Armin Strom Orbit Manufacture Edition: The Subtle Difference Is Black
by Martin Green
And they were gone . . . Armin Strom’s Orbit First Edition sold out almost as fast as the hand of its on-demand date complication flies to the correct numeral. Granted, Armin Strom only made 25 of them, but the buzz that this watch created fuels the expectation that the company could have sold many more.
For a relatively small brand like Armin Strom with its innovative manufacture movements and strong belief in craftsmanship, scaling the production is not an easy thing, nor something that is always as desirable as it looks. However, creating watches that remain virtually unobtainable for most of one’s (potential) clients also isn’t. That is why Armin Strom is already releasing the second edition of the Orbit, which is also limited to 25 pieces.
I don’t usually like date indications, but . . .
People who follow Quill & Pad know that I am not the biggest fan of the date complication. What it adds in relative practicality, it takes away double from the aesthetic appeal in my opinion. Granted, more and more brands are paying proper attention to this, working with colored date wheels that match the hue of the dial and using an attractive font for the numerals for example.
Armin Strom’s Orbit is different as it puts the date complication on center stage. Quite literally, as only the date hand operates from the center of the dial.
The date is controlled by the column wheel visible just above the subdial indicating the time. Press the pusher above it once and the hand flies to the correct date. Push it again and it returns to its standard 12 o’clock resting position. The wearer can also leave the function activated and then the date hand will act as a regular date hand, jumping one numeral forward at midnight.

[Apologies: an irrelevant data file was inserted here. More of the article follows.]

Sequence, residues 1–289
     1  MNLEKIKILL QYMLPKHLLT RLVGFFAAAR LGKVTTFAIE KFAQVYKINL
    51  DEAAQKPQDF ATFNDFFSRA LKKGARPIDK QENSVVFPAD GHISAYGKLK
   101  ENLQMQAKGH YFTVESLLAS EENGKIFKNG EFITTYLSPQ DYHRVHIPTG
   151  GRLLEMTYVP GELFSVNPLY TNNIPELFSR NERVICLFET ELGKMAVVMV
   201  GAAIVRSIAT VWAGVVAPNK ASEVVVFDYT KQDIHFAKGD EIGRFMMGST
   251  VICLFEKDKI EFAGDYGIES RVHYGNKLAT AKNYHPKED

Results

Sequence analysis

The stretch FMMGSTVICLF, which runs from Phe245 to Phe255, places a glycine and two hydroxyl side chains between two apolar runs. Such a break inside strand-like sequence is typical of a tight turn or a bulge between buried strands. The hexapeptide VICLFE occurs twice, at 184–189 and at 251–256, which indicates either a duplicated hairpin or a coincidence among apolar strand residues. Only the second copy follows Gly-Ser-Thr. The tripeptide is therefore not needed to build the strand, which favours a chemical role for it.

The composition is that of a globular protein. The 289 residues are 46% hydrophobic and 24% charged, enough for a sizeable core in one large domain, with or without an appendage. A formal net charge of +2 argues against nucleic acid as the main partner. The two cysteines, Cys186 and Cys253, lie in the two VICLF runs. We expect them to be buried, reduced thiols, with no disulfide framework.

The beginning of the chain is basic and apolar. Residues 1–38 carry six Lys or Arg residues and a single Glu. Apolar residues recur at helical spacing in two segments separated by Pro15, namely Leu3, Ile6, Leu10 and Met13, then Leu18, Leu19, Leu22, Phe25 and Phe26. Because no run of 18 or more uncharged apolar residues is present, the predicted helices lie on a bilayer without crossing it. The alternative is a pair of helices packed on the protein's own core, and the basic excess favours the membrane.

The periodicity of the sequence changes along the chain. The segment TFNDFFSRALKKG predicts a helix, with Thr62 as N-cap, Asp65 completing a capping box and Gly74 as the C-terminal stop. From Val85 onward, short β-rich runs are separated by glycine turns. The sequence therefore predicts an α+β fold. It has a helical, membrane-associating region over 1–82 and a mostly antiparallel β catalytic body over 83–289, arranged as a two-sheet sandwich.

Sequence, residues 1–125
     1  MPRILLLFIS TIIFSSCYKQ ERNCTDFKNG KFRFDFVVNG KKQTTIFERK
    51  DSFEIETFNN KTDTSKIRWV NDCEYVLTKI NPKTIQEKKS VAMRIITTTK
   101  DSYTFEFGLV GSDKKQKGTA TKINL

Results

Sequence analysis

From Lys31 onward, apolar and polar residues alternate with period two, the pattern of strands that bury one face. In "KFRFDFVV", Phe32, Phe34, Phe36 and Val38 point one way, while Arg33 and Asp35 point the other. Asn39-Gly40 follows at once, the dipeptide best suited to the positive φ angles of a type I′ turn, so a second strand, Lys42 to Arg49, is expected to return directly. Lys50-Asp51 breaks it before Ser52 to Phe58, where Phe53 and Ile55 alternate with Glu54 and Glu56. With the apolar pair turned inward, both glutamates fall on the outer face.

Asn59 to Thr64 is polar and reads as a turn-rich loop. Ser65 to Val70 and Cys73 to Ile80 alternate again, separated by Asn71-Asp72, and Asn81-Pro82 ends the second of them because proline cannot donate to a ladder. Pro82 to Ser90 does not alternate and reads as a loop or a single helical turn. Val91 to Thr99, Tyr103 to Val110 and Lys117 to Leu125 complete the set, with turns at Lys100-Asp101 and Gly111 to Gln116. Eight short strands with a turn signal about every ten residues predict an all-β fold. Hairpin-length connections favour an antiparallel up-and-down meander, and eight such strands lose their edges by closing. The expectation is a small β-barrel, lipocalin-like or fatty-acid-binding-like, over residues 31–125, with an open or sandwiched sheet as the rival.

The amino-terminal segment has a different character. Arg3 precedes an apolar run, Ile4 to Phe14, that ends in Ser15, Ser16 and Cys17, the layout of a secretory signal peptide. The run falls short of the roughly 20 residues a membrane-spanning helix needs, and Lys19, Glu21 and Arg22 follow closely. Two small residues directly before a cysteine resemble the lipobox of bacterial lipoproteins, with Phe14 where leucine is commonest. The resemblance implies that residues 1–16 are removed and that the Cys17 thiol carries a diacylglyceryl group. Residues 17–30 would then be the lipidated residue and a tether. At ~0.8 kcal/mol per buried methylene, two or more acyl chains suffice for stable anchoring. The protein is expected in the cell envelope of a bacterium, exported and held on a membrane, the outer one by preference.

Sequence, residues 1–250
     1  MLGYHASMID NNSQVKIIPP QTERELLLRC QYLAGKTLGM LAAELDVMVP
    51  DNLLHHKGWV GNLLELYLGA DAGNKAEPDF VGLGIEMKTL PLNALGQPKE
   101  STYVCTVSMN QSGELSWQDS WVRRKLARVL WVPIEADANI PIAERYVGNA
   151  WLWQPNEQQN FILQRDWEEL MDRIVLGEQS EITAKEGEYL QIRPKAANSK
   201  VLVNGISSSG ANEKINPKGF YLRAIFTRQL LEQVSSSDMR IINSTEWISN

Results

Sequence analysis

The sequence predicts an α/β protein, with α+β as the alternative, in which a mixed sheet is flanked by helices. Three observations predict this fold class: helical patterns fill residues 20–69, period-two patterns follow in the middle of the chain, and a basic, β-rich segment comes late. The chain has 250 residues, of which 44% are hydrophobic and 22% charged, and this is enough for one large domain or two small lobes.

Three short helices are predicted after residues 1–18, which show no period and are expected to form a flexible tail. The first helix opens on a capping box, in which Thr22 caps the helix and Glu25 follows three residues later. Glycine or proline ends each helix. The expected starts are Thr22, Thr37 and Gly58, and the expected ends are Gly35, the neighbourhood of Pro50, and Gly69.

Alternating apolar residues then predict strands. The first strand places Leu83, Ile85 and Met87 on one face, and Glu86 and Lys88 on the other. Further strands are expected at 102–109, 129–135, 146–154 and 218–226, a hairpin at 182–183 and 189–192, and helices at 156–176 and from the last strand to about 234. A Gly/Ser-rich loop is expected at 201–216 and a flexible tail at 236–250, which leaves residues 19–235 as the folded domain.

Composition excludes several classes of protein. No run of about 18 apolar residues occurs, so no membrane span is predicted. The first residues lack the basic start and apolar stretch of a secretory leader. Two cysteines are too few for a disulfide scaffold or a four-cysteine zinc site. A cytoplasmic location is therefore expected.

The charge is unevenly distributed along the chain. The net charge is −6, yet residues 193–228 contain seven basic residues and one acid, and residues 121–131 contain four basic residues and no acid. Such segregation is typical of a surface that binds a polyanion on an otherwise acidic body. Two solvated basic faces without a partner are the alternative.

So what’s new?
The difference between the First Edition and the Manufacture Edition is only limited to the color of the dial, and even that is a subtle one. Armin Strom changed it from anthracite to black. In reality, though, the difference is a bit more than that as the anthracite dial made it blend more in with the movement surrounding it, while the black dial matches the ceramic bezel with the dates. While a mere detail, it is the details that matter.
I think that Armin Strom made the right decision to opt for a dial that puts the emphasis on the movement for the first version of the Orbit. Now that we have made our acquaintance with the exceptional execution of the date complication on the movement we already know from the Gravity Equal Force, it is time to evolve.
As the bezel and dial have the same color, one could say that the Manufacture Edition is a more traditional proposition. I find it a dash sportier as well. Again, these are subtle differences, but details that I very much appreciate as Armin Strom also could have introduced a green version.
While I usually am a big fan of this color – just look at my name – I have developed a bit of fatigue. That said, as I don’t expect the demand for the Orbit to fade anytime soon, it is likely that Armin Strom will release other editions in other colors. If the brand’s designers are open to suggestions, I am a big fan of the California Blue version of the Tribute 1 . . .
For more information, please visit arminstrom.com/en/collection/system-78/orbit-manufacture-edition.
Quick Facts Armin Strom Orbit Manufacture Edition
Case: 43.4 x 12.6 mm, stainless steel
Movement: in-house automatic Caliber ASB19 with micro rotor on dial side and Geneva-drive constant force barrel, 25,200 vph frequency, 72-hour power reserve, column-wheel date
Functions: hours, minutes, seconds; date
Limitation: 25 pieces
Price: CHF 29,500
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